Rise of the left and the backlash: How big a deal?

The last two weeks, progressive and centrist Democrats have been at odds, as President Obama has tilted toward economic populism. But the Democrats' real issue may lie elsewhere.

Joshua Roberts/REUTERS
Senator Elizabeth Warren (D-MA) during a Senate Banking Committee hearing. Leaders of the centrist Democrat think tank Third Way, warn that liberal Warren would be “disastrous” for Democrats heading into the 2016 presidential race.

Bill de Blasio hasn’t even been sworn in yet as mayor of New York, but he’s already a poster-child for liberalism run amok. Watch out, New Yorkers, your taxes are about to go up! “Stop and frisk” is ending, crime will rise!  The city’s finances are about to collapse!

And then there’s Elizabeth Warren of Massachusetts, Mr. de Blasio’s ideological sister in the Senate, who is ready to challenge Hillary Rodham Clinton in the Democratic primary for president in 2016 – if some of the press coverage is to be believed.

Except that’s looking highly doubtful.  Senator Warren has insisted repeatedly that she’s not running for president, and while that’s the standard response for anyone this early in the process, her denials make sense. She has a big megaphone in the Senate, and a big national following, less than a year into her term. And unlike Mrs. Clinton, Warren doesn’t have a shadow presidential campaign already in operation.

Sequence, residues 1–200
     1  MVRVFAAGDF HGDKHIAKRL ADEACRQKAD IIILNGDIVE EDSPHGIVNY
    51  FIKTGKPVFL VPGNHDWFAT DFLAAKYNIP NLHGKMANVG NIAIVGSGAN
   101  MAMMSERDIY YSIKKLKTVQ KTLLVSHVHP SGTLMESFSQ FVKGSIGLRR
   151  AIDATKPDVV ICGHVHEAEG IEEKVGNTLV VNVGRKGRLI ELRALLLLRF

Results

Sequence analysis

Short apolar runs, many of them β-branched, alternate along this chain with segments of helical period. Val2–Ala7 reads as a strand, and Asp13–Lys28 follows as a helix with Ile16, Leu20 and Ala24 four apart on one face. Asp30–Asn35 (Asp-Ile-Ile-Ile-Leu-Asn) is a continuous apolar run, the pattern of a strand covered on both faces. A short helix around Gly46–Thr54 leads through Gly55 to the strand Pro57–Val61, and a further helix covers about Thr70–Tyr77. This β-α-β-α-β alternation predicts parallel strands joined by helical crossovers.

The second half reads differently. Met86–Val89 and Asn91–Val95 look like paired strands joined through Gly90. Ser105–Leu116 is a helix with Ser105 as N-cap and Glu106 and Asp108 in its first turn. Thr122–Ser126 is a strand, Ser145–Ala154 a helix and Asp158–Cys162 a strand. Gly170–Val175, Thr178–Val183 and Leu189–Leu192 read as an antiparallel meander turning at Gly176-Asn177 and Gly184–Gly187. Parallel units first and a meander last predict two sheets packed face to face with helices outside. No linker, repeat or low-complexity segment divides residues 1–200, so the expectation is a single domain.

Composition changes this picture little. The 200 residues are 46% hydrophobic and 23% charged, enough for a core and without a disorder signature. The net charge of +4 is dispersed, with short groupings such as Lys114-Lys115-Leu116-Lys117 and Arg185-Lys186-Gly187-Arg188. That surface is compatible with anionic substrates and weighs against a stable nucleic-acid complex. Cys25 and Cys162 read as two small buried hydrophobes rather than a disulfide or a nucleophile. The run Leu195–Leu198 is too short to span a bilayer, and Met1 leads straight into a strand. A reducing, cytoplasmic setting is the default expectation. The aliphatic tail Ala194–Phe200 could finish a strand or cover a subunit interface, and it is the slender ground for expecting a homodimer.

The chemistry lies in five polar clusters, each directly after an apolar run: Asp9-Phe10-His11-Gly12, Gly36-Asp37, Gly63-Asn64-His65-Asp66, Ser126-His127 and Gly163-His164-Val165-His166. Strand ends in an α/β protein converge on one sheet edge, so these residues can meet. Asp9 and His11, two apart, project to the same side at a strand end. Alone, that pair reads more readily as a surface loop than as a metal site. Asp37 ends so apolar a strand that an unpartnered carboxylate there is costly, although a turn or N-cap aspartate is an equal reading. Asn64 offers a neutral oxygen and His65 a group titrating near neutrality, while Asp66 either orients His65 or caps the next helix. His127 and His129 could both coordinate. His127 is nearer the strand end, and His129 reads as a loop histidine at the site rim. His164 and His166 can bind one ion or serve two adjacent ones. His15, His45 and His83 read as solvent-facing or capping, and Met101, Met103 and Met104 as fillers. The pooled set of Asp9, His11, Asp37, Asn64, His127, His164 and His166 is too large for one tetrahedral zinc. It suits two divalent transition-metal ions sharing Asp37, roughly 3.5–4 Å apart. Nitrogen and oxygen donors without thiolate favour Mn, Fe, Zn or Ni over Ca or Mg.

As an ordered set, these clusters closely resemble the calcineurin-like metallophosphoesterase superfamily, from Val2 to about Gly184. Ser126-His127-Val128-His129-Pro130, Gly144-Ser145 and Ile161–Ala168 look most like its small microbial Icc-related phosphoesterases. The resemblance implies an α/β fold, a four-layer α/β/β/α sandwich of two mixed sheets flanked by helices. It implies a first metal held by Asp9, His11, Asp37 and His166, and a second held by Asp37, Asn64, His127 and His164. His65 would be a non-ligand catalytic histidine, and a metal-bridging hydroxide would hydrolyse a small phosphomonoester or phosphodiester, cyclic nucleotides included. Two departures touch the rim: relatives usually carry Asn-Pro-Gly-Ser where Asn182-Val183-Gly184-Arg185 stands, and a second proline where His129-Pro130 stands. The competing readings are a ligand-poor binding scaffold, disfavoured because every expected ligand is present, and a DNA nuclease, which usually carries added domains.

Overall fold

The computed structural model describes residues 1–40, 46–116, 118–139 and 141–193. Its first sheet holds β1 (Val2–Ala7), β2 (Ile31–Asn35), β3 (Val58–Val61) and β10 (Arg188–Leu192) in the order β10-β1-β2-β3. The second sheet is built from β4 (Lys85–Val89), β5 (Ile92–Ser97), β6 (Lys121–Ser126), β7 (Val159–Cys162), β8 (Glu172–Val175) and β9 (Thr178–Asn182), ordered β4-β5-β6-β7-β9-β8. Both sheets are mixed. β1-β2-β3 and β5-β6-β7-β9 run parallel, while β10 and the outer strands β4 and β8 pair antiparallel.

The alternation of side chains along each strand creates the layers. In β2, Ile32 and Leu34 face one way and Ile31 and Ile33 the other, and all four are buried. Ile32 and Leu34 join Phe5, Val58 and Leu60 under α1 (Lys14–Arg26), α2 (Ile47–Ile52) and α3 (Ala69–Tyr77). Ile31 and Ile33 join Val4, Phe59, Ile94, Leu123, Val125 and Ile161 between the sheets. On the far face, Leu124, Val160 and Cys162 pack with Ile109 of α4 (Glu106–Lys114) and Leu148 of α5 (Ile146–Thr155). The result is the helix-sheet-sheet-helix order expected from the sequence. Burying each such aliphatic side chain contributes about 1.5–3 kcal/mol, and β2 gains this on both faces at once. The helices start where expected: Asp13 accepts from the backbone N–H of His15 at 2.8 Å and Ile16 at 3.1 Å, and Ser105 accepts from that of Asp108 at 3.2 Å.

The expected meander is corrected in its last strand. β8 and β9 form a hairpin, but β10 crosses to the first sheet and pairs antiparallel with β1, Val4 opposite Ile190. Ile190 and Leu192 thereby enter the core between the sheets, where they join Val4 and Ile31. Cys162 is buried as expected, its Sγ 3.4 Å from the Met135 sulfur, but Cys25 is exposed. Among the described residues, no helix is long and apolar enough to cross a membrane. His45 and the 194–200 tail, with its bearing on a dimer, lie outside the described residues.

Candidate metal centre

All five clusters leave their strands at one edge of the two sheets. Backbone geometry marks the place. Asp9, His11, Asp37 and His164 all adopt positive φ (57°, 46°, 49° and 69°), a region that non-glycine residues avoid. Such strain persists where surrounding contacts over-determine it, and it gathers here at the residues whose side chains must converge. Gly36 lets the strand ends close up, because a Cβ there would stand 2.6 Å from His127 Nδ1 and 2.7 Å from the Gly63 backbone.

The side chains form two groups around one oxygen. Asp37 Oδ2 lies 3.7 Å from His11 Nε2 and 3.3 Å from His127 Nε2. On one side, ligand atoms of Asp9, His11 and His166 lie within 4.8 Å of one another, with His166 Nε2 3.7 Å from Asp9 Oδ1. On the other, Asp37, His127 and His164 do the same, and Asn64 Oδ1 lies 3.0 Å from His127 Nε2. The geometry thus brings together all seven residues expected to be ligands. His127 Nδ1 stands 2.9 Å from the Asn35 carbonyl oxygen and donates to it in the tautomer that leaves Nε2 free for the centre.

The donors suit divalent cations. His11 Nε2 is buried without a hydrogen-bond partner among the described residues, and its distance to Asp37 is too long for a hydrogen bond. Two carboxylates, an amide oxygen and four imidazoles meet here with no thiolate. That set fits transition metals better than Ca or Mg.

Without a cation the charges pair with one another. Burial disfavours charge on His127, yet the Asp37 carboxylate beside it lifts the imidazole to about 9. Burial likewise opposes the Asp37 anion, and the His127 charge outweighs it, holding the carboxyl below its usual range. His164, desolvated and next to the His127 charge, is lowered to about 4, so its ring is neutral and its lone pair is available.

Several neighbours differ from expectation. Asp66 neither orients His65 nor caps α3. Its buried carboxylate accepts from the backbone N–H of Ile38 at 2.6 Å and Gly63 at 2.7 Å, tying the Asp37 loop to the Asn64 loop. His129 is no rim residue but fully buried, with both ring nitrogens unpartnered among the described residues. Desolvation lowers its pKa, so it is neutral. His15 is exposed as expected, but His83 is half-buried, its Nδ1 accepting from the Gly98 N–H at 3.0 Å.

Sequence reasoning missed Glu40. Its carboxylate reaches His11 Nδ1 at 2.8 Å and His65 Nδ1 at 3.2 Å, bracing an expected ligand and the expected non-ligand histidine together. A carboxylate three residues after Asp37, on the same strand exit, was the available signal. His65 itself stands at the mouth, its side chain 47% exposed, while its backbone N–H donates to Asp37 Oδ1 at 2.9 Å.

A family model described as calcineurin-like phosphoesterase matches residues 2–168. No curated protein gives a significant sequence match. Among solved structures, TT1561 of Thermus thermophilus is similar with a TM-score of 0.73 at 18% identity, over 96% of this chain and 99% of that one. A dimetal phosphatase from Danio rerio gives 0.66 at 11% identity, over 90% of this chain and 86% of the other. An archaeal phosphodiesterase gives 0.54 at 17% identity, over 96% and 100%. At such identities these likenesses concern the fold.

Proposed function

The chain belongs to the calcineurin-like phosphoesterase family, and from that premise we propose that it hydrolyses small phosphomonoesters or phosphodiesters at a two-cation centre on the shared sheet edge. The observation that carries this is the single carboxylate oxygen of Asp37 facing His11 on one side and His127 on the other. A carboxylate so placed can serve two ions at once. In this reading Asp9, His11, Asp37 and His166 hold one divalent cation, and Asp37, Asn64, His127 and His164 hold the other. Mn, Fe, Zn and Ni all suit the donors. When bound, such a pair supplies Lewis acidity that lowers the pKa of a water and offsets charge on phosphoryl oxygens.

As for de Blasio, the demise of “stop and frisk” – the police practice of questioning and frisking suspicious-looking people, which leads to charges of profiling – may have been greatly exaggerated.  In his first high-profile cabinet pick, de Blasio named former New York City Police Commissioner William Bratton to his old job. Mr. Bratton is the father of stop and frisk, though he has promised reforms.  

And so, it appears, signs of a resurgent liberalism in America may too be a bit exaggerated. President Obama won kudos from the left for his Dec. 4 speech addressing the rise in income inequality, including a call for a higher federal minimum wage, but he also made a bow toward the engine of economic growth, the private sector.

“We can’t tackle inequality if the economic pie is shrinking or stagnant,” Mr. Obama said. “The fact is if you’re a progressive and you want to help the middle class and the working poor, you’ve still got to be concerned about competitiveness and productivity and business confidence that spurs private sector investment.”

By the sound of it, the president is trying to strike a balance between competing strains within his party: the newly energized progressive wing, which wants more government spending, higher wages, higher taxes, and expanded Social Security; and fiscal moderates, who still hope for a “grand bargain” with Republicans that includes entitlement reforms (read: cuts), even though the two parties have given up on the idea for now.